Radkus v. State

Annotate this Case

528 P.2d 697 (1974)

Janet RADKUS, Appellant, v. The STATE of Nevada, Respondent.

No. 6958.

Supreme Court of Nevada.

December 2, 1974.

Morgan D. Harris, Public Defender, and Robert L. Scott, Deputy Public Defender, Las Vegas, for appellant.

Robert List, Atty. Gen., Carson City, Roy A. Woofter, Dist. Atty., Charles Garner, Chief Deputy Dist. Atty., and Dan M. Seaton, Deputy Dist. Atty., Las Vegas, for respondent.


MOWBRAY, Justice.

Janet Radkus, appellant, was arrested by Las Vegas police officers for the shooting-murder of her ex-husband. Witnesses identified Janet as the person they saw standing over the deceased at the scene of the shooting. Janet told the police that she threw the murder weapon into some bushes near the scene, but a search of the area did not produce a gun.

Soon after Janet was arrested, her son and her sister, both of whom lived out of town, learned of the shooting and traveled *698 to Las Vegas. They stayed at Janet's house. Janet's son gained entrance to the house with a key that had been in his possession for many years. Janet's sister stayed in the house with Janet's express permission.

Approximately a week after arriving, Janet's sister was straightening the house and discovered a locked suitcase in Janet's bedroom. Knowing the combination, she opened the suitcase with the intention of packing some children's clothes. Inside, she discovered a gun. With the assistance of Janet's son, she called and requested the police to come to the house. When the police arrived, Janet's sister related her discovery of the gun. She then took the officers into the bedroom and showed them the gun in the suitcase. The officers took the gun and had certain tests conducted. Results of these tests and the gun were introduced at trial.

During trial, Janet called as witnesses two medical experts to support a defense of insanity. The State called a medical expert in rebuttal. Janet's counsel objected to this testimony on the ground that the State's medical expert had not examined Janet. The objection was overruled, the trial judge stating that the objection went to the weight of the evidence, not the admissibility. The trial judge further stated that he felt the State's expert was in some respects better qualified to give an opinion than possibly the other medical experts, because he had the advantage of reviewing various statements made by the investigating officers and other witnesses, which Janet's two experts did not.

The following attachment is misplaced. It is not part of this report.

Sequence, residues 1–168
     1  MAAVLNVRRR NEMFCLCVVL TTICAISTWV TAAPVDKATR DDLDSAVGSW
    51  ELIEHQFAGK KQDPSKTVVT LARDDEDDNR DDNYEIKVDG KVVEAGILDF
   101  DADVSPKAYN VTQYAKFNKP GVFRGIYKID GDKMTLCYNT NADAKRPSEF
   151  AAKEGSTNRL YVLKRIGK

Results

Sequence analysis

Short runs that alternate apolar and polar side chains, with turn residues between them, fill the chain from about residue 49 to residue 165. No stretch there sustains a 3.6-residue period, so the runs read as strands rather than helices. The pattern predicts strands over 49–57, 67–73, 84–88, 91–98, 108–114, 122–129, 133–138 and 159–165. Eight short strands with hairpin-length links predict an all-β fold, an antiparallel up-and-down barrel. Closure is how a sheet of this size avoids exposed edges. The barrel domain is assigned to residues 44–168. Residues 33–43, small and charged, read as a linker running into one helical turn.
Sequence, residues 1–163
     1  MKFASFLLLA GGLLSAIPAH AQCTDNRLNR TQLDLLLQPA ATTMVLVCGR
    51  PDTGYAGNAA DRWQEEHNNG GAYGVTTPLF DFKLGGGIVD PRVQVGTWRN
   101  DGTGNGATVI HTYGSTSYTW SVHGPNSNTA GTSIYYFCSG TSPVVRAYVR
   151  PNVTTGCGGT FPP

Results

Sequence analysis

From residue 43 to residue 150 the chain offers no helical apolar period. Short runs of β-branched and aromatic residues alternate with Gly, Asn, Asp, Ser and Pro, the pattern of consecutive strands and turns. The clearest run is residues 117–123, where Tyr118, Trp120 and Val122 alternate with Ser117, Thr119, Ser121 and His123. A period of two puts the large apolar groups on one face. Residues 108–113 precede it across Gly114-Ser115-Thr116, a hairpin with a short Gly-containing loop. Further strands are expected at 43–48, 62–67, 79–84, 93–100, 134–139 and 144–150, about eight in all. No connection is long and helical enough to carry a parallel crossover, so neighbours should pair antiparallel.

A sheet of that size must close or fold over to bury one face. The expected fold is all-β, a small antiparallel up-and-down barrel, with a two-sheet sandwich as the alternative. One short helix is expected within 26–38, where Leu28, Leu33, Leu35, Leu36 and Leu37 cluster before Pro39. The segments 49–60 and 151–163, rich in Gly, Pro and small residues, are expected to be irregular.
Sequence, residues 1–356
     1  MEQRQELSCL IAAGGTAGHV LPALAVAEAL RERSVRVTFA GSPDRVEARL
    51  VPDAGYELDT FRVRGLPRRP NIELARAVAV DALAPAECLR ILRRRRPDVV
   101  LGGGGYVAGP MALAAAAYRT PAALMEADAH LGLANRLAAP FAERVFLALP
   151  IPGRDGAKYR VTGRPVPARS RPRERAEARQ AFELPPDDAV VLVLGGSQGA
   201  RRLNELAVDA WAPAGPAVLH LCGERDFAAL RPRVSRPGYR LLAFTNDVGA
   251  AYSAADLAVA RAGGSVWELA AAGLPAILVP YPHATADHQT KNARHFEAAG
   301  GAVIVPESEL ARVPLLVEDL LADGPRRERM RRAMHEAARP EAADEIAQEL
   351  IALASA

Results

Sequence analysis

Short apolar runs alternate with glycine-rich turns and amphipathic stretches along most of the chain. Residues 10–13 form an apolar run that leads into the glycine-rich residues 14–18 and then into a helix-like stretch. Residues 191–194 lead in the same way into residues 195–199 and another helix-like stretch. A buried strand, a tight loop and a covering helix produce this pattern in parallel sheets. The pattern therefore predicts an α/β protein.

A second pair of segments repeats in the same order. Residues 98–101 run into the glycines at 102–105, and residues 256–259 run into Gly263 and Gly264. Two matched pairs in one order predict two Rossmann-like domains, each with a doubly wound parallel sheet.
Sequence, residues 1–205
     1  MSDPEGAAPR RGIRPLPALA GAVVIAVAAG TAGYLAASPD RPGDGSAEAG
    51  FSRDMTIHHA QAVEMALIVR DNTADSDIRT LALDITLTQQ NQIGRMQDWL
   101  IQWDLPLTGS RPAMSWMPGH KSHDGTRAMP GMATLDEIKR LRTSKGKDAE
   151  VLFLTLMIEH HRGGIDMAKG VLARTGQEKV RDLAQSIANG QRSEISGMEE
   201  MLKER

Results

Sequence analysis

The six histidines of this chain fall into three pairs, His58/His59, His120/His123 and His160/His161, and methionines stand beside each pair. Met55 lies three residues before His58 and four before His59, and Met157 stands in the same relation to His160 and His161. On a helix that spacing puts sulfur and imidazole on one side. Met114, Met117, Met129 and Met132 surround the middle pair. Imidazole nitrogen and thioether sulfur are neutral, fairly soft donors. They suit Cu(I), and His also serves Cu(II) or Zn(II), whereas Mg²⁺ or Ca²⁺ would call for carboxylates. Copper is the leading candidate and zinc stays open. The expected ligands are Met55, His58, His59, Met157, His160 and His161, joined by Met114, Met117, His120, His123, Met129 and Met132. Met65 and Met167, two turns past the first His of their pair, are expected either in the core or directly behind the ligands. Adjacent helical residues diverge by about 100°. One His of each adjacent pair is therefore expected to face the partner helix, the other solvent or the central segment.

The jury returned a guilty verdict. Janet has appealed, alleging the trial judge erred (1) in admitting the gun and the tests into evidence and (2) by commenting on the qualifications of the State's medical expert.

1. The Admissibility of the Gun and the Tests into Evidence.

In the instant case, the circumstances leading to police custody of the gun do not establish a search and seizure within the prohibitions of the Fourth Amendment. See Purvis v. Wiseman, D.C., 298 F. Supp. 761 (1969). The Fourth Amendment simply does not apply where evidence is discovered and turned over to the government by private citizens. Burdeau v. McDowell, 256 U.S. 465, 41 S. Ct. 574, 65 L. Ed. 1048 (1921); Coolidge v. New Hampshire, 403 U.S. 443, 487-490, 91 S. Ct. 2022, 29 L. Ed. 2d 564 (1971); Mears v. State, 52 Wis.2d 435, 190 N.W.2d 184 (1971); People v. Cohn, 30 Cal. App. 3d 738, 106 Cal. Rptr. 579 (1973).

Janet contends, however, that even if the discovery of the gun by her sister did not violate her Fourth Amendment rights, the entry by police officers into her house without a search warrant, and their subsequent seizure of the gun, did violate these rights. Janet argues that neither her sister nor her son could validly consent to this latter "search and seizure" by the officers. Assuming the police entry was a "search", police may validly search pursuant to the consent of a party having the apparent present right to use or occupy the area to be searched. Reeves v. Warden, 346 F.2d 915 (4th Cir.1965). Here, Janet had previously informed the police that her sister had permission to stay at her home. The officers could reasonably and in good faith believe, therefore, that the sister had authority to consent to their entrance into the home. People v. Daniels, 16 Cal. App. 3d 36, 93 Cal. Rptr. 628 (1971). The gun was displayed to the officers who in turn could validly seize what they had probable cause to believe was evidence in a crime. Further, both Janet's son and her sister offered the gun to the officers. There was no violation of Janet's Fourth Amendment rights.

2. The Trial Judge's Comments on the Qualifications of the State's Medical Expert.

Janet urges that the trial judge committed reversible error when he stated his reasons for admitting the testimony of the State's medical expert. Ordinarily, the *699 comments of the court in overruling objections to the admission of evidence do not constitute error. As this court said in State v. Fitch, 65 Nev. 668, 685, 200 P.2d 991, 1000 (1948):

"... The fact that the comment is not addressed to the jury, nor intended for the jury, greatly reduces its asserted prejudicial effect... . [I]f it amounts to no more than a comment to counsel assigning a reason for a ruling and does not purport to invade the jury's right to pass on the facts, and is not unfair or prejudicial, there is no error... ."

We believe that is what occurred in the instant case. Additionally, the learned judge, in charging the jurors, admonished them that they and they alone were the sole judges of the credibility of the witnesses and the weight to be given their testimony.

Finding no error, we affirm the judgment of conviction.